Direct Freight is one of America’s leading load board services and now finding loads has never been easier than with their app.  To find out how Direct Freight can help you find the right loads and keep your trailer loaded go to DirectFreight.com today.   

Sources:  

https://www.loseit.com

https://rollingstrong.com

https://www.skype.com/en/

https://www.audiobooks.com/

https://catscale.com/cat-scale-apps/

https://www.sygic.com/truck

https://www.weather.gov/wrn/mobile-phone

https://www.gasbuddy.com

https://www.directfreight.com/home/#

 

    

 

Steps to Become an Owner/Operator

steps-to-become-an-owner-operator

To buy a truck or work for a carrier as part of their fleet is an essential question most truck drivers ask themselves at some point in their careers.  Both options have pros and cons and either choice could be a good career choice.

Advantages to Working For a Carrier:

  • The truck belongs to the carrier, and associated costs and maintenance are their responsibility.
  • Benefits like group health insurance and paid vacation time.
  • There’s less financial risk.
  • Less worry.  Your job ends when you’re done driving.
  • No overhead.  The money you earn is the money you get.  No need to pay for repairs, maintenance, etc.
  • It’s easier to quit your job to find a more suitable company.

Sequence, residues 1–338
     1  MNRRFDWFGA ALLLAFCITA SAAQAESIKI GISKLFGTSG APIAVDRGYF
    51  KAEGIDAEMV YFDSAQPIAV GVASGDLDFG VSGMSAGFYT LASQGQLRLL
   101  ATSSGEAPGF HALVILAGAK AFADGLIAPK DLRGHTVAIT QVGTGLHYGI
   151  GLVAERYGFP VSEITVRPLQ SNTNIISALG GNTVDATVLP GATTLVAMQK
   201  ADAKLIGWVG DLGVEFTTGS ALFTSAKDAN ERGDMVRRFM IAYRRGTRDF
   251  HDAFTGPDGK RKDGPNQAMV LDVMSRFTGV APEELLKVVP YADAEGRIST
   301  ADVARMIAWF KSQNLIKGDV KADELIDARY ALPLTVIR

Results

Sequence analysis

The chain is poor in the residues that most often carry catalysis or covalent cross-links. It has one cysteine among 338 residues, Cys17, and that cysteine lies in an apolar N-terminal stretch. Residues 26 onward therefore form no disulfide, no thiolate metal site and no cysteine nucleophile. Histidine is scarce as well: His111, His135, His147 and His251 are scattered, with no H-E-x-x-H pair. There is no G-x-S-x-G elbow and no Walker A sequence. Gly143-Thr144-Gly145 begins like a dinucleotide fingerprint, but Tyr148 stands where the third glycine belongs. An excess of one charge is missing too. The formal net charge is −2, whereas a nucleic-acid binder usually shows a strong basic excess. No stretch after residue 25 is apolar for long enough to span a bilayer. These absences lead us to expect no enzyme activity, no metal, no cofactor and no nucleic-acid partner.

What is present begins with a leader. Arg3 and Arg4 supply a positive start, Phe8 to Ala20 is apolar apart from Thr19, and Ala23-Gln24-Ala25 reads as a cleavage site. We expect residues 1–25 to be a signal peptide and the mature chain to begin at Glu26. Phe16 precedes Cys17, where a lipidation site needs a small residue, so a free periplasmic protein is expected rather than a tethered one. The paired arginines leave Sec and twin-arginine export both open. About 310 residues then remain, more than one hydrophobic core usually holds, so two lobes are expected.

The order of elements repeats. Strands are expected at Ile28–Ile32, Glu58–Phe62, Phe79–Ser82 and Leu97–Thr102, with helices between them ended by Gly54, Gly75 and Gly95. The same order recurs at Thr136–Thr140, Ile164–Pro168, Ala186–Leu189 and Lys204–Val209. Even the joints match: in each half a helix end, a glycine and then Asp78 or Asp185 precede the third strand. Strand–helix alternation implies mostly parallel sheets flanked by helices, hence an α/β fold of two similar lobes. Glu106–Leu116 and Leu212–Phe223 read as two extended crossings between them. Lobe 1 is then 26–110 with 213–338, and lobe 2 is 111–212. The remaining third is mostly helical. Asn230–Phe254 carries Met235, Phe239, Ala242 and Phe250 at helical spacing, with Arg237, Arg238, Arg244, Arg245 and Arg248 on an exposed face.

• No start-up costs other than your CDL.  Just get in the truck and go. 

Advantages of Becoming an Owner/operator:

  • More flexible schedule.
  • While it’s not always the case, there is a potential to earn more money.
  • Built-up equity in your truck.
  • Not sharing a truck with other drivers.  Some companies do this and you may be left cleaning up after someone else.
  • You’re your own boss.
  • There could be tax advantages.
  • The truck is customized to your liking.
  • More choice of loads.

 There is no right answer to the question, only what is right for you.  Do you want to be your own boss with all of the responsibilities that go along with it or do you prefer the security of working for someone else?  

Becoming an Owner/Operator

Before taking the steps to become an owner/operator, take the time to examine the pros and cons of each.  It’s a huge financial step.  There’s nothing wrong with spending your career working for someone else.  Once you’re sure you want your own truck, you can begin taking steps to make it happen.

Obtain your CDL.  You need that for the “operator” part of becoming an Owner/Operator.  Some people pay for their CDL by taking advantage of programs that some carriers have where they pay for your CDL as long as you agree to work for them for a specified time period.  If you do this, you’ll have to meet those obligations before becoming your own boss. 

Get Money.  Any business needs start-up money and yours will mainly be for buying a truck.  If you don’t have the money, you can take out a loan or lease a truck.  

Get Licensed and Registered.  If you plan to operate as an interstate (across state lines) carrier you will need a USDOT number to transport cargo.  You can obtain  a USDOT number by registering online through the Unified Registration Program on FMCSA’s (Federal Motor Carrier Safety Administration) website.  You most likely will also be required to have an MC number which is your authority to operate, also found at FMCSA. There is a one-time filing fee of $300.  Depending on the weight of your truck, you may be responsible for paying the Heavy Vehicle Use Tax.  More details can be found here.